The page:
The young men and women from the IDF, the Israeli Defence Force, are ubiquitous in the bus station, as they are everywhere in Israel. They seem always to be on the move, with a bag slung over one shoulder and a weapon slung over the other. These soldiers are young, 18 or 19. For many it’s their first time away from home. It’s the young female soldiers carrying their weapon over one shoulder and a colourfully decorated bag with small fluffy animal toys hanging from the straps, over the other that jar me the most. They look like high school kids off for a sleepover at their friend’s house. My mother heart tightens as I know that any one of them could be killed today, tomorrow or next week, and the truth is, some are.
In 2016 Chief of Staff Gadi Eisenkot required all IDF soldiers to carry their weapons at all times, even when on leave. This command was a response to the stabbing of an unarmed IDF solider on leave. Prior to that murder, IDF soldiers had to hand their service weapons in before taking leave. This was done in an attempt to reduce the number of soldiers using their weapons to commit suicide. Both forms of death are tragic and avoidable. I believe words, not weapons are the means to, and the way of peace.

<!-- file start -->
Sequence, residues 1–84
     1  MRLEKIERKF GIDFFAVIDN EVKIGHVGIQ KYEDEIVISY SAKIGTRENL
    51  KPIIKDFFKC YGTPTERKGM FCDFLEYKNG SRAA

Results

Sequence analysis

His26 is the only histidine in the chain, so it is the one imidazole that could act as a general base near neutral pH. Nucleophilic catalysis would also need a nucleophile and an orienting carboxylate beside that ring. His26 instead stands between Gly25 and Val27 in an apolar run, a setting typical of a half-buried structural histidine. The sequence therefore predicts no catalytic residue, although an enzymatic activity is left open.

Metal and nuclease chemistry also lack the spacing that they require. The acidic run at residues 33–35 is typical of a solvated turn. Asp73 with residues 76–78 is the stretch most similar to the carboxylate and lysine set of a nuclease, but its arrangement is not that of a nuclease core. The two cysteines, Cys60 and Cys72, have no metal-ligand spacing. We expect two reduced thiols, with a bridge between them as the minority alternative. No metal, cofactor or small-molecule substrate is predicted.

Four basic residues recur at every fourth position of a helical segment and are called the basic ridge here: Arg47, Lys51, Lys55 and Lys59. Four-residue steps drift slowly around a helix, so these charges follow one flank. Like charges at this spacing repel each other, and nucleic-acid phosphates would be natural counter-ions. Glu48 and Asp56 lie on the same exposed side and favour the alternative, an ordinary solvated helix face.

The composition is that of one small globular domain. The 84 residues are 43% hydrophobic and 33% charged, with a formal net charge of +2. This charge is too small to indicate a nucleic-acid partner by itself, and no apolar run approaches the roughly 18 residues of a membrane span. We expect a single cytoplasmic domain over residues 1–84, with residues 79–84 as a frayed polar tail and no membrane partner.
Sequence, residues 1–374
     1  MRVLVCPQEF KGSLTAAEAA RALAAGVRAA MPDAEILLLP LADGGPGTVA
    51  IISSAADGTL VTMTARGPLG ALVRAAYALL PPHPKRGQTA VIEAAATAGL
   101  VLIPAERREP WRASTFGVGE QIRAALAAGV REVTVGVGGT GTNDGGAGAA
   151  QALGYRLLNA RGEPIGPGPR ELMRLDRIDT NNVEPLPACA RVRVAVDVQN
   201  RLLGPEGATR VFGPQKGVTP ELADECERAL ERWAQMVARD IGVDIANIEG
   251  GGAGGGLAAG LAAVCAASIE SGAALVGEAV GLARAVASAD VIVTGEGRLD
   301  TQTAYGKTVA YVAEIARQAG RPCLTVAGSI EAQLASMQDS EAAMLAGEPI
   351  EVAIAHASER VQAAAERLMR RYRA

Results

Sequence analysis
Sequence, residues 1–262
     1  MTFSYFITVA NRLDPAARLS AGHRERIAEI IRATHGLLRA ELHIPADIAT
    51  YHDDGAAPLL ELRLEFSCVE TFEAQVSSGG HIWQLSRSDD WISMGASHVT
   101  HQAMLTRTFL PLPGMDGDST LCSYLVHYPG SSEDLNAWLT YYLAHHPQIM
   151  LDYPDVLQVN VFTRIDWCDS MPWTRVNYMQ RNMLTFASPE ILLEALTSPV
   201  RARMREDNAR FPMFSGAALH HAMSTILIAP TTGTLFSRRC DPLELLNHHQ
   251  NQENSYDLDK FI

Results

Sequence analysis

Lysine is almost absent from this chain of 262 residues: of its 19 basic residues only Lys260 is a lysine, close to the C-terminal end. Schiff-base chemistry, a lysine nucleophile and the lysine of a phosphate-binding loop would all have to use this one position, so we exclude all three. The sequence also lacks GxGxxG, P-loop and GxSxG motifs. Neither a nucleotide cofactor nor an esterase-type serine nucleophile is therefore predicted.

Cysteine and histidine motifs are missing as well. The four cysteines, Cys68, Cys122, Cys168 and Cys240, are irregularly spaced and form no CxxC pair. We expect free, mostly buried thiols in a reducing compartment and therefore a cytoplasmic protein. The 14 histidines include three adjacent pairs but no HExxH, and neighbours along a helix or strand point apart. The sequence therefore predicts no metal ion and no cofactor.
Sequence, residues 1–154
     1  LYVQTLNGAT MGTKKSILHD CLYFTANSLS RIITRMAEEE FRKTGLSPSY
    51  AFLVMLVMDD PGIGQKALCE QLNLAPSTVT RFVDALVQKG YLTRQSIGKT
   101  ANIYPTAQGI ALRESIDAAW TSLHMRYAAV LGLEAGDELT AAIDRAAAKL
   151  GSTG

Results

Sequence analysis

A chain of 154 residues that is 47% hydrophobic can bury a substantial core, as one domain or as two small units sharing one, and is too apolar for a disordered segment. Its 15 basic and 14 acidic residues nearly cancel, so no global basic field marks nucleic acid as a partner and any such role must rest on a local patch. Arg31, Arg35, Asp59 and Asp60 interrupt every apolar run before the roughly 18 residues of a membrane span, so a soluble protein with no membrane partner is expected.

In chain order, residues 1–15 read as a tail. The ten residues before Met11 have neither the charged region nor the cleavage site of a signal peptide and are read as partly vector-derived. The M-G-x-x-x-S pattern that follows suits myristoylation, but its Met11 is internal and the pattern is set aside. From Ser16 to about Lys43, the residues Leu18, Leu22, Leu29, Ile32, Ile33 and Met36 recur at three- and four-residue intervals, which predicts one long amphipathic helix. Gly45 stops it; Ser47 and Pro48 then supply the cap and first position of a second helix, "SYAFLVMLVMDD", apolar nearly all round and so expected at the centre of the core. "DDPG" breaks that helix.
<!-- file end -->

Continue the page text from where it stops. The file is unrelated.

I find my way to the back of the bus station where the shuttles park up in long lizard lines. I locate the one heading for Jerusalem and climb in. When the shuttle is full it departs, then the next one takes its place in the cue. The journey is cheap, stuffy, bumpy and without a reliable departure or arrival time. It seems to stop randomly along the way to let people off, but picks no one else up.